This research aims to follow all aspects of a chemical reaction, i.e. the time-dependent changes in (i) the atomic positions and (ii) the electronic structure of an evolving target molecule. We are developing novel experimental approaches towards this goal that make use of the wave character of electrons generated by means of XUV or X-ray ionization. In theses experiments, information is stored in the photoelectron angular distribution that can be measured using the well known velocity map imaging technique.
What is photoelectron imaging?
When a molecules is exposed to a XUV or X-ray laser pulse, an electron can be release by single photon absorption. The kinetic energy of the outgoing electron (Ek) is given by the photon energy (Ep) and the ionization potential (IP) of the target molecule by the relation:
At high photon energy (typically above 150 eV), the photoelectron wavepacket leaves the molecule with a rather short de Broglie wavelength (1 Angstrom or below) and becomes sensitive to the surrounding atoms. As an example, photoelectrons can be scattered off one of the neighbouring atoms in the molecule on their way out and leave an imprint of this scattering event in the photoelectron angular distribution (PAD) that can be used to retrieve information on the molecular structure similar to a photon diffraction experiment. Electron-molecule scattering was theoretically studied by Dill and Dehmer and a number of successful experiments have already been performed at synchrotrons for stable molecules relying on this concept. Measurements of laser-generated high kinetic energy photoelectrons offer the advantage that they can be generated now with ultrashort XUV/X-ray laser pulses, enabling time-resolved molecular studies with sub-10 fs resolution. The photoelectron imaging technique is based on this concept: we measure the electron generated "within the molecule" by an ultrashort XUV/X-ray pulse in order to record a movie of a molecule undergoing structural changes.
The experiments are performed in a lab-based environment, making use of a home made, carrier-phase stabilized, TW laser system or at free electron laser facilities, such as FLASH, the free electron laser of Hamburg, and LCLS, the linac coherent light source at Stanford.
Our laser system is a commercial CEP-stabilized amplifier systems from KMlabs delivering 2.5 mJ at 3 khz repetition rate, with 30 fs pulse duration. Part of this beam is further amplified in a home-made amplifier build in collaboration with amplitude technology. After second amplification stage, the laser typically delivered 35 mJ, for a 35 fs pulse duration at 50 Hz repetition rate.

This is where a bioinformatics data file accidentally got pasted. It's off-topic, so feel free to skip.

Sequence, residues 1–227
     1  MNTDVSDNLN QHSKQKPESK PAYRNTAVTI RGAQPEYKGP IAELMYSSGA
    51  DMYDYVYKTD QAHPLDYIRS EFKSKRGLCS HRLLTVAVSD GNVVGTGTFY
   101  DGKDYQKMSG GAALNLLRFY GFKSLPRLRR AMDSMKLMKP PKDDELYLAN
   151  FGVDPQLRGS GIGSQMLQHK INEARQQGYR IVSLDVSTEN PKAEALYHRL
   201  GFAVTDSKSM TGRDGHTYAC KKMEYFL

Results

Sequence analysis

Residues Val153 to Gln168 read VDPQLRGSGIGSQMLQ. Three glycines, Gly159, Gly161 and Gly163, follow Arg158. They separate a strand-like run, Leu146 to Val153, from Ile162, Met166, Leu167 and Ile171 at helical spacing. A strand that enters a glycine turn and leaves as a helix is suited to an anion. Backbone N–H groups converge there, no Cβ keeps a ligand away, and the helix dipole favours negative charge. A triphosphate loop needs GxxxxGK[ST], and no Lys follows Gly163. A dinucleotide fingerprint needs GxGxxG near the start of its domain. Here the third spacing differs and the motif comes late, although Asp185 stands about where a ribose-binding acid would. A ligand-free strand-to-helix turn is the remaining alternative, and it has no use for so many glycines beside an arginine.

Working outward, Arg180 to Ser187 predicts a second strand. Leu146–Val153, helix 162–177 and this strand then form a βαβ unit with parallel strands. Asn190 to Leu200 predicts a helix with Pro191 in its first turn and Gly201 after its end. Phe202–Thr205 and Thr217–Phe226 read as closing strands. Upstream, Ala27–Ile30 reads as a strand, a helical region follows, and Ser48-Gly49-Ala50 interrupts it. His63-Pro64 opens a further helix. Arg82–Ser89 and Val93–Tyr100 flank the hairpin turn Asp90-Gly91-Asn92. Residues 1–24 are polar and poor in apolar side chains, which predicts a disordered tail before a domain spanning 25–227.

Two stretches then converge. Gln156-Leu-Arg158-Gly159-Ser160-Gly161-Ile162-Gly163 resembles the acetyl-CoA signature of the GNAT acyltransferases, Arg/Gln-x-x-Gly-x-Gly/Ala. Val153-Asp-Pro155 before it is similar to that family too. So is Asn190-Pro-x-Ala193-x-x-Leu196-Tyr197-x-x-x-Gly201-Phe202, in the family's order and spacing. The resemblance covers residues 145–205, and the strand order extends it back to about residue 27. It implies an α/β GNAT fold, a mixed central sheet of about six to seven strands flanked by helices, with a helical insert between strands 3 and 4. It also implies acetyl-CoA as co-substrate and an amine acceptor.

In order to probe ultrafast molecular dynamics by means of high kinetic energy photoelectron, a soft X-ray beamline has beam constructed at the Max Born Institute. This beamline is composed of four high vacuum chambers:
- A high harmonic source where a portion of the beam is used to generate high harmonic following the strong field ionization of an atomic gas target.
- An in vacuum interferometer used to recombine the XUV pulse with a VUV/visible or near IR pulse needed to trigger the photochemical reaction of interest.
- A velocity map imaging spectrometer with a gas injection system where we record the photoelectron angular distribution after XUV/soft X-ray ionization of the target molecule
- A soft X-ray spectrometer that allows to monitor the harmonic yield during the experiment.
Velocity map imaging
The basic idea of a velocity map imaging spectrometer is to accelerated the charged fragments resulting from ionization and fragmentation towards a 2D position-sensitive detector consisting of a microchannel plate(MCP)/phosphor screen assembly and a camera system. Charge and mass selection is made possible through the application of a short gate to the MCP detector. In the so-called "velocity map imaging" mode, the detector is operated under a condition where the position of the particle impact on the detector only depends on its initial transversal velocity. Accumulating an image that contains a large number (typ. 106) of these impacts then allows to retrieve the 3D velocity and angular distribution of the selected charged fragments using standard mathematical tools based an Abel inversion .